The pathologist and surgeon may be more assured of a diagnosis of metastasis made on frozen section analysis if supported by the preoperative evaluation.
Biopsy without delayPerform early biopsy with appropriate oncological principles only after clinical, laboratory, and imaging examinations are complete.
Biopsy at a reference tumor centerThe tumor patient should be referred for biopsy to the institution where definitive treatment will be performed.
Biopsy principles are independent of the biopsy techniqueThe principles of biopsy are the same regardless of the biopsy technique.
Biopsy contraindicationsUncorrected coagulopathy.
Inability to obtain a safe access route.
Inability to obtain patient consent.
Hydatid disease.
Open incisional biopsyWhen adequate tissue sample cannot be obtained with closed biopsy.
When accurate histological diagnosis and grading is required to decide for preoperative chemotherapy or radiation therapy.
When closed biopsy does not correlate with the clinical presentation and imaging.
If non-diagnostic closed biopsy.
Can be used with frozen sections.
Use the smallest incision that is compatible with obtaining adequate specimen.
Careful hemostasis (use tourniquet; very rarely use drains).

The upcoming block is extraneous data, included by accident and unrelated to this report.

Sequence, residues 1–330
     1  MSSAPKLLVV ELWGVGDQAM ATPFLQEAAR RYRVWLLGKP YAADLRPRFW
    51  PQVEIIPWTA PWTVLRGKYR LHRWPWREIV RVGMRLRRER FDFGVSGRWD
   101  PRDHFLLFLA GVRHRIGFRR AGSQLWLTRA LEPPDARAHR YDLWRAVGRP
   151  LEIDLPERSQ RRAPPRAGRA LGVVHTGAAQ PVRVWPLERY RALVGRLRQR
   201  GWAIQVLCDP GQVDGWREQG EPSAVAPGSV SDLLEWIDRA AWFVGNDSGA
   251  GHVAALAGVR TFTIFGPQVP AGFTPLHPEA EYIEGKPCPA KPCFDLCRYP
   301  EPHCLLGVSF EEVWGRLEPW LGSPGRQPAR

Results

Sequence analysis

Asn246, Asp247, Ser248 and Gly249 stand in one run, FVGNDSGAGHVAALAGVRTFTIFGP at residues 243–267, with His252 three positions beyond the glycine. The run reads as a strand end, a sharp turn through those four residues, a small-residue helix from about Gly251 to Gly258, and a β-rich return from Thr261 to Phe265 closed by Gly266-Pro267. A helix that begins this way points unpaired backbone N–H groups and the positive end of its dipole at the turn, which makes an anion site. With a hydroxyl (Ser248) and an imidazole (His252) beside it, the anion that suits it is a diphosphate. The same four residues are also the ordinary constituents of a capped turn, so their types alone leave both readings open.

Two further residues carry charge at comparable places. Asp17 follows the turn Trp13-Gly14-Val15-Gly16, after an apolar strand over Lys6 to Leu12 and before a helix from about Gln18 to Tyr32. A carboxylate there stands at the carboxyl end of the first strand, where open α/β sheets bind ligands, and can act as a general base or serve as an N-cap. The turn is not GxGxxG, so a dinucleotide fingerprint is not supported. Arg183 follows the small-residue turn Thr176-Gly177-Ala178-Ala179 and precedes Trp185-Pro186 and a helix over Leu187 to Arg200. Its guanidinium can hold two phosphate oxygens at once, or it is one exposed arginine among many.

Open excisional biopsyAny soft tissue neoplasm highly likely is a sarcoma if it is (a) deep to the fascia, and (b) >3–5 cm in its greatest dimension.
Perform only if the lesion can be excised with wide margins, otherwise, any such lesion should be biopsied.
Open biopsy approachLongitudinal incision.
Contamination of one anatomic compartment.
Excisable biopsy tract.
Meticulous hemostasis.
Drain, if necessary, exit in line with skin incision.
Closed biopsyThe gold standard, especially if guided.
Minimally invasive, high accuracy (no difference with open biopsy), cost effective, rare complications (<11%).
Fine needle biopsyNo role in musculoskeletal tumors; high rate of false negative results, cytology samples are not always adequate for cytogenetic, molecular or immunohisto studies, recommended for documentation of metastases and local or distant tumor recurrence where the cytology findings can be compared with prior histology.
Discuss with the radiologist and pathologistThe surgeon, the radiologist, and the pathologist must examine the imaging studies.
The pathologist must ask for further tissue analysis if pathology report gives non-specific tissue description.
Repeat the biopsy if the histological diagnosis is in doubt or inconsistent with the suspected clinical and/or imaging diagnosis.
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Mavrogenis, A.F.; Altsitzioglou, P.; Tsukamoto, S.; Errani, C. Biopsy Techniques for Musculoskeletal Tumors: Basic Principles and Specialized Techniques. Curr. Oncol. 2024, 31, 900-917.

AMA Style

Mavrogenis AF, Altsitzioglou P, Tsukamoto S, Errani C. Biopsy Techniques for Musculoskeletal Tumors: Basic Principles and Specialized Techniques. Current Oncology. 2024; 31(2):900-917.

Chicago/Turabian Style

Mavrogenis, Andreas F., Pavlos Altsitzioglou, Shinji Tsukamoto, and Costantino Errani. 2024. "Biopsy Techniques for Musculoskeletal Tumors: Basic Principles and Specialized Techniques" Current Oncology 31, no. 2: 900-917.